Controversial Pick for Indonesia Police Chief
|Our Correspondent||Oct 8, 2010|
The appointment of Jakarta Police Chief Timur Pradopo, Susilo Bambang Yudhoyono's sole nominee for National Police chief, appears to be yet another indication of the Indonesian president's lack of strong commitment to the country's reformasi flame.
According to the Corruption Eradication Commission, known by its Indonesian language acronym KPK, Prodopo's net worth exceeded at least Rp 2.1 billion (US$235,000) as of 2008, primarily invested in real estate in the Tangerang area of Jakarta, valued at Rp1.3 billion, which he said was inherited. Pradopo also owns four cars worth Rp340 million, with the rest of his wealth in cash, bank deposits and precious stones and metals, the KPK said.
Despite criticism from human rights activists and political reformers, the appointment appeared to be just fine with both the new and outgoing police chiefs at the handover ceremony, with Pradopo breaking into "Sewu Kutho" ("A Thousand Cities"), a popular Javanese song, and Insp. Gen. Sutarman, the newly promoted Jakarta Police chief who takes his place, singing "Cucak Rowo" ("Straw-headed Bulbul").
Indonesia's police, both in Jakarta and on a national level, are notoriously corrupt. In July, Tempo, perhaps Indonesia's most respected publication, printed the names of six officials with as much as US$10.45 million in their accounts. They were Inspector General Mathius Salempang, Inspector General Sylvanus Yulian Wenas, Inspector General Budi Gunawan, Inspector General Badrodin Haiti, Commissioner General Susno Duadji and Inspector General Bambang Suparno. At the very top, police officials earn only about Rp15 million, or about US$1,600 per month.
Rather than investigating how the officials had amassed so much wealth, the police threatened to sue Tempo and whoever leaked the details of the accounts to a reform organization that passed them on to Tempo. Individuals believed to be connected to the police rushed around to Jakarta news venders and bought up 30,000 copies of the magazine in a vain attempt to keep it from circulation. Also, two black-clad men on a motorcycle were seen by witnesses throwing firebombs at the magazine's editorial offices in central Jakarta, causing relatively minor damage.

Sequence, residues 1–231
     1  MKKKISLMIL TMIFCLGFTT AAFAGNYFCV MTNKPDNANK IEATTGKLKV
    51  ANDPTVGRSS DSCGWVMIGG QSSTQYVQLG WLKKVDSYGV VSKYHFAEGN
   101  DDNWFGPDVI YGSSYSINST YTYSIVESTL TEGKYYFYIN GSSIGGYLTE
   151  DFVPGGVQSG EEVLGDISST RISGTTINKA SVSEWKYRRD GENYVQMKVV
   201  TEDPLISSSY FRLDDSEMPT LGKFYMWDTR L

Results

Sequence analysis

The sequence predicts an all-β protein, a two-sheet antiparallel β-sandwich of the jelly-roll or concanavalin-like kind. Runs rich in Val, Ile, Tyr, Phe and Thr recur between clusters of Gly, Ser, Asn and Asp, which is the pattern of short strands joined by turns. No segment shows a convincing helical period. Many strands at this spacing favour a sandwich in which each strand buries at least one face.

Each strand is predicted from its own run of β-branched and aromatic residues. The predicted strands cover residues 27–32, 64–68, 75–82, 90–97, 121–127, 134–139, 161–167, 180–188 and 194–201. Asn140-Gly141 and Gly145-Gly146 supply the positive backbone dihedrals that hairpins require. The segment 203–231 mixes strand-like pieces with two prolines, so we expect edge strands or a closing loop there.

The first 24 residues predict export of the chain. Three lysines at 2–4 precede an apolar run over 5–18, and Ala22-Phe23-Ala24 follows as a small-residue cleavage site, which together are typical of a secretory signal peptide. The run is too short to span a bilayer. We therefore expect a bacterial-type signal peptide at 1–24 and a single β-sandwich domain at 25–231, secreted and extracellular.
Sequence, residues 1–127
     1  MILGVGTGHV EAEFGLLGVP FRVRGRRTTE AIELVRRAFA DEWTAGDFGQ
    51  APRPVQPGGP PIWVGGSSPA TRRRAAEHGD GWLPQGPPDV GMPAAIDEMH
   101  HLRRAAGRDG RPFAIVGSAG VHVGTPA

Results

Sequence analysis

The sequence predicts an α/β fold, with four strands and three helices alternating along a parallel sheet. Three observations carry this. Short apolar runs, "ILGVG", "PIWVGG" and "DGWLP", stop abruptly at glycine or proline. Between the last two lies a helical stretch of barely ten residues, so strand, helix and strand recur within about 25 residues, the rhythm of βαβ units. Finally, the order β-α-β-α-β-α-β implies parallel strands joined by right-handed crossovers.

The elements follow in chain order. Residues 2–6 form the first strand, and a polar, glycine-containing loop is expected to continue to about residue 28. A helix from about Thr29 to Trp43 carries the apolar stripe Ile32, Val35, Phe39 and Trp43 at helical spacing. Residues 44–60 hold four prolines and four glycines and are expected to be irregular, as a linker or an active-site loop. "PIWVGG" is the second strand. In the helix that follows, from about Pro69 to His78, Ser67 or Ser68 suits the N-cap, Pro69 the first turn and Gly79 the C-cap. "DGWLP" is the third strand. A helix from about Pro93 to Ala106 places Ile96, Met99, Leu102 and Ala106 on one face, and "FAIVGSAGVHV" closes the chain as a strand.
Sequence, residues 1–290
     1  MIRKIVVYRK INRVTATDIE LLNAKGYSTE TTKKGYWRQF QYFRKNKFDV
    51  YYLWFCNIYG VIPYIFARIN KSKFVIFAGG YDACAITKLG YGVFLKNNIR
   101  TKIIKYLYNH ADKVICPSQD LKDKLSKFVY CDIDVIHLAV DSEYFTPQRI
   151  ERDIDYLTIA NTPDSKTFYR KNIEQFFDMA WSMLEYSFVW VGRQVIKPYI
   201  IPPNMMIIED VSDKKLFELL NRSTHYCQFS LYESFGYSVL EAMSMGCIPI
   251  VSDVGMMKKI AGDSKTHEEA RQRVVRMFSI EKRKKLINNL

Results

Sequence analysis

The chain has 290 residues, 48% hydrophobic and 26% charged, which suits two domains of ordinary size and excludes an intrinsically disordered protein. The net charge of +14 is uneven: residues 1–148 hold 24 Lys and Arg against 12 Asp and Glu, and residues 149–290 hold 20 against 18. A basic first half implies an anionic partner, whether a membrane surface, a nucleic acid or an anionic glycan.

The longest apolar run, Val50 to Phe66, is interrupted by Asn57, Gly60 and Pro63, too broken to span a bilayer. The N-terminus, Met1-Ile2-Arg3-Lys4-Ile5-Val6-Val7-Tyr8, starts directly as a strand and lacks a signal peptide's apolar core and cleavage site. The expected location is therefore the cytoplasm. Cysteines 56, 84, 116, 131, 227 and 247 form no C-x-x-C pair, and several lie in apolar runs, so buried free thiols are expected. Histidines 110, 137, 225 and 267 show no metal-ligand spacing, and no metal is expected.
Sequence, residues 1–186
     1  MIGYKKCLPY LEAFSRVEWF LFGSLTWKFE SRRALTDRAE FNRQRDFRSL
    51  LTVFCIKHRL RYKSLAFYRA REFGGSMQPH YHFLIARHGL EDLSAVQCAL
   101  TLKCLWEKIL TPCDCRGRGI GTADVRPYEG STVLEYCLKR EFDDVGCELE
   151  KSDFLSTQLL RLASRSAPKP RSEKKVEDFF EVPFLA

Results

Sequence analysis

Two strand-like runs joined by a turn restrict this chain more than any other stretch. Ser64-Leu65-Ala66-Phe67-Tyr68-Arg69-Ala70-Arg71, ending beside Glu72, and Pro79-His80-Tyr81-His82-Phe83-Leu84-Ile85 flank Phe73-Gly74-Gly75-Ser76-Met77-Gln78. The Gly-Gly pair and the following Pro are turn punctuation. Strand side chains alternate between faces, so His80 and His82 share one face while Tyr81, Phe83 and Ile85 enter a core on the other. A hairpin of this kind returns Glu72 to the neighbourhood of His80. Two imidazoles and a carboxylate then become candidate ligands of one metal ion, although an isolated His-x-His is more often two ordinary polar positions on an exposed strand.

"The nomination of Timur Pradopo as the new National Police chief is a move by President Yudhoyono to appoint a man loyal only to himself to the post," wrote an analyst for the Jakarta-based risk consultancy Concord Review. Pradopo was suddenly promoted Monday to the rank of three-star general, which allowed him to become eligible to become National Police Chief.
"While there is much doubt that Pradopo has what it takes to turn around the troubled institution, at the least he is believed to be free of connections to ‘black' business tycoons," the analysis continued. "He is also said to be independent of the two major factions within the police, perhaps allowing him to do more than others could have done to clean up the force."
The police themselves reportedly have split into two camps over outgoing National Police Chief Gen. Bambang Hendarso Danuri's two initial recommendations to the president -- Nanan Soekarna, the police's Internal Affairs head, and Imam Sudjarwo, the chief of the police's Training and Education Division.
Members of Indonesia's House of Representatives said they planned to question Pradopo closely over his connections to the radical Islamic Defenders Front, a thuggish organization which has often resorted to violence to further its aims, including ransacking bars and attacking peaceful demonstrators, particularly rallies put on by the Ahmadiyah sect, considered to be a breakaway Muslim group. Allegations have persisted that the group is closely linked to Indonesia's security forces.
Pradopo, however, defended his relationship with the FPI (the Front's Indonesian acronym). "We should be close to all [groups] to maintain security in this country," he told reporters. Many secular Indonesian Muslims are opposed to the FPI's antisecular views and continue to criticize the police for failing to act against the hard-line group.
Human rights activists earlier this week also urged the House to reject Pradopo's nomination, saying he had a questionable track record, including his refusal to answer three summonses from the National Commission for Human Rights to clarify his involvement in the shooting of students in the Semanggi area of Jakarta in November 1998, when he was still active as chief of the Central Jakarta Police. In another 1998 incident, Pradopo allegedly was involved in the shooting of students at Trisakti University. Officers were implicated in both cases. Others cited deadly gang clashes outside the South Jakarta District Court last week and the "impression" that Pradopo had let the situation slip out of control. In a press conference, he denied the situation had gone out of control.
With Reporting from Jakarta Globe